Scientists studying the biosynthesis and production of microbial natural products now have a greater insight into the process thanks to research conducted at the U.S. Department of Energy's Argonne National Laboratory in collaboration with scientists from the Scripps Research Institute and Rice University.
Armed with this new information, researchers can use it to manipulate nature's biosynthetic machinery to produce more effective antibiotics and cancer-fighting drugs.
Streptomyces are Gram-positive bacteria that live in soil. These bacteria possess a complex metabolism and are known to naturally produce clinically useful compounds.
One large class of natural products, known as polyketides, includes many drugs such as erythromycin (antibacterial) and rapamycin (immunosuppressive), as well as promising drug leads such as migrastatin and oxazolomycin reported in the current study, which show important antibacterial, antitumor, and anti-human immunodeficiency virus activity.
These antibiotics are synthesized by a set of enzymes that are orchestrated into assembly-line-like biosynthetic machinery. Researchers in this study focused on understanding the enzymes specificity, which is responsible for generating the vast chemical structural diversities known for migrastatin, oxazolomycin and other polyketides.
Andrzej Joachimiak works in the biosciences division at Argonne and was one of the authors of a recent paper published on the topic in The Proceedings of the National Academy of Sciences of the United States of America.
"If we understand the specificity of these processes, we will be able to engineer the enzymes to accept other chemical molecules, opening the door to new treatments for some of our most challenging diseases," said Joachimiak, director of the Department of Energy's Structural Biology Center, which is located at Argonne.
Antibiotics are made up of a set of multiple enzymes that perform consecutive actions.
Scientists seek to modify these molecules chemically to create new drugs with improved therapeutic properties.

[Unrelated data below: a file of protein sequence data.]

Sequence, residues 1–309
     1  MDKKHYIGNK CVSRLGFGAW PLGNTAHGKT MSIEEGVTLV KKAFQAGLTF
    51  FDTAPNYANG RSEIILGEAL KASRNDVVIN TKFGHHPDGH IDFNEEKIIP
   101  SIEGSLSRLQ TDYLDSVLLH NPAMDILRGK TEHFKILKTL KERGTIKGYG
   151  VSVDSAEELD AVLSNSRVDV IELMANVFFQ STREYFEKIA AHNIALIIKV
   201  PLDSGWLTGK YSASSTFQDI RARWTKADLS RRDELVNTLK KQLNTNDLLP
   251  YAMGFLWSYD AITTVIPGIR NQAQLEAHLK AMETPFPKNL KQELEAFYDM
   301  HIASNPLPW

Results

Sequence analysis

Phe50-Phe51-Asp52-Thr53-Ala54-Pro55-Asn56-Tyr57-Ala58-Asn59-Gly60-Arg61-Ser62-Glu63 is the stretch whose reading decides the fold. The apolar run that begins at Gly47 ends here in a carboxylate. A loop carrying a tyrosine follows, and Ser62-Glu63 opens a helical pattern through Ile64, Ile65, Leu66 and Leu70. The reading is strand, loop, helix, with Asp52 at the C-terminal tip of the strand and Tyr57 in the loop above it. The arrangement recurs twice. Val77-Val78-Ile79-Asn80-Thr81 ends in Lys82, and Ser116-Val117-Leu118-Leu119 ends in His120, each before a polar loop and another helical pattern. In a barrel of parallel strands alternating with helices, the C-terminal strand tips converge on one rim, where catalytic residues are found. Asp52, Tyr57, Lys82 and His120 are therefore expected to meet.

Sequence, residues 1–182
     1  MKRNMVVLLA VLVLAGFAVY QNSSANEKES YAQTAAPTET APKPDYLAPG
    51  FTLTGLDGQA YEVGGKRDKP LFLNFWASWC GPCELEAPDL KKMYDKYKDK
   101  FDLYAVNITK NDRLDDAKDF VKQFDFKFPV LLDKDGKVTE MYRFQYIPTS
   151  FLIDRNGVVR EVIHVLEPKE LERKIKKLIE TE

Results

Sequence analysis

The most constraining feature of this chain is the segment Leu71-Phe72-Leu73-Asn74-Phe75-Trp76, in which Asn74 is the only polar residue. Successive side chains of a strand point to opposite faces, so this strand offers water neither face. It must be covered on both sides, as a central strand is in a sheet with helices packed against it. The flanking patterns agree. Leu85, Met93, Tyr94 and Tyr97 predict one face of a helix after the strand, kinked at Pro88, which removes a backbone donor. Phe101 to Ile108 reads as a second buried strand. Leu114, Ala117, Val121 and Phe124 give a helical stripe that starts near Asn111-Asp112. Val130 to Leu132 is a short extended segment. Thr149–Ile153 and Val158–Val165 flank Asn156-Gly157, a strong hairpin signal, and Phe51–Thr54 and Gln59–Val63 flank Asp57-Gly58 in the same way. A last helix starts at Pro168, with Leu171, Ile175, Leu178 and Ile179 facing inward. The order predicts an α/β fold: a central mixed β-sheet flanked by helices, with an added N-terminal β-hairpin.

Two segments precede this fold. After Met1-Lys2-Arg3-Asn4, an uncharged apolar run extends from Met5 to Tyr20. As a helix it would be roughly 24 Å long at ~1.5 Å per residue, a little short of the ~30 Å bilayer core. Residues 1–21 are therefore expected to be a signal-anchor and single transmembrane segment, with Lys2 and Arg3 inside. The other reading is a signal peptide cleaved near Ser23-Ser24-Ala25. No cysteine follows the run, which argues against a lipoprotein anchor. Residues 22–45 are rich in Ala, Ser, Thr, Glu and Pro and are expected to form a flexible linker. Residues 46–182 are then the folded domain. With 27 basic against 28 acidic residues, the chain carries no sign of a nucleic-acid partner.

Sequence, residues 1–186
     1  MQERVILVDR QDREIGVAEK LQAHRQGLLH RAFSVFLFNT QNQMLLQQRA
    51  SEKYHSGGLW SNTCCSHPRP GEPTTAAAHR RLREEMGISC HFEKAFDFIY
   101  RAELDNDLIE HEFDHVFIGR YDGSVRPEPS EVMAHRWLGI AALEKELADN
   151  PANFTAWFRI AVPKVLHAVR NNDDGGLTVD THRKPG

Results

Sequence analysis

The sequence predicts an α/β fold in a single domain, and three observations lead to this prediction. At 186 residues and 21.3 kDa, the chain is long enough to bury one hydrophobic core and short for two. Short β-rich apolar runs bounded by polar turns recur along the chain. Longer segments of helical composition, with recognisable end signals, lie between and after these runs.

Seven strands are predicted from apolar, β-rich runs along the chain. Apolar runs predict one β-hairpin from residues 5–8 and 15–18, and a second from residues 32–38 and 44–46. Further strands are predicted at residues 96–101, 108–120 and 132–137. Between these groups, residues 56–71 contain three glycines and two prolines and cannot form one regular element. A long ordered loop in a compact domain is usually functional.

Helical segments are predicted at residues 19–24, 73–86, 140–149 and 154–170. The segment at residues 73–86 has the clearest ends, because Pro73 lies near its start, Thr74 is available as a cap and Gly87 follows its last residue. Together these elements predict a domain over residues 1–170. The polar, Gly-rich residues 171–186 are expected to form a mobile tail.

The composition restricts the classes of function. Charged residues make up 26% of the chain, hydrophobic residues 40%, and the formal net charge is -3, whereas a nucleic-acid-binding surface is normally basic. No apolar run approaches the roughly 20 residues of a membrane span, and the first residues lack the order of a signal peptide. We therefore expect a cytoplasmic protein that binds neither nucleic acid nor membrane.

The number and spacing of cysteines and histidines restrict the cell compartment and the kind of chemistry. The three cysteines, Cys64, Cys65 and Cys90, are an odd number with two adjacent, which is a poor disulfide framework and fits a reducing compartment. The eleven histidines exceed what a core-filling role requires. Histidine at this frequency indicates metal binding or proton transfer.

"In order to do that we need to understand the specificity of this "enzymatic assembly line," Dr. Ben Shen of the Scripps Research Institute said. "We need to know which part we need to place, and do it in a rational and specific manner, to synthesize the designer compounds."
Manipulating enzymes that catalyze complex reactions that alter natural product structures to create diverse novel compounds with new biological activities is a key.
This work was done with the help of the Advanced Protein Characterization Facility, which has greatly aided medical and biomedical research by automating the production of protein and protein crystals - two key steps in solving the structure of proteins, understanding how they operate and ultimately helping to identify new and more effective drug treatments.
Proteins are long molecular chains that fold on themselves in complex ways with many of those folds serving as docking sites where other molecules - including those from pathogens - can attach.
In protein structure research, snippets of the DNA code for a protein are cloned. The clones are used to produce the proteins that are isolated and exposed to various chemical environments with the hope that one of them will cause the protein molecules to form a crystal.
This can take days, weeks or even months. But when it happens, the protein molecules align to form a repeating array. That repetitive configuration allows X-rays from the Advanced Photon Source, a DOE Office of Science User Facility located at Argonne, to analyze the three-dimensional structure of the molecules by means of their different signatures.
This helps Joachimiak and his team to solve age-old problems.
"This work would not be possible without the technology and equipment available here at Argonne," he said.
This research is detailed in the paper "Structural and Evolutionary Relationships of "AT-less" Type I Polyketide Synthase Ketosynthases," published in the Proceedings of the National Academies of Science. Additional co-authors include Jeremy R. Lohman, Ming Ma, Jerzy Osipiuk, Boguslaw Nocek, Youngchang Kim, Changsoo Chang, Marianne Cuff, Jamey Mack, Lance Bigelow, Hui Li, Michael Endres, Gyorgy Babnigg and George N. Phillips, Jr.
This work was supported in part by grants made available from the National Institutes of Health.
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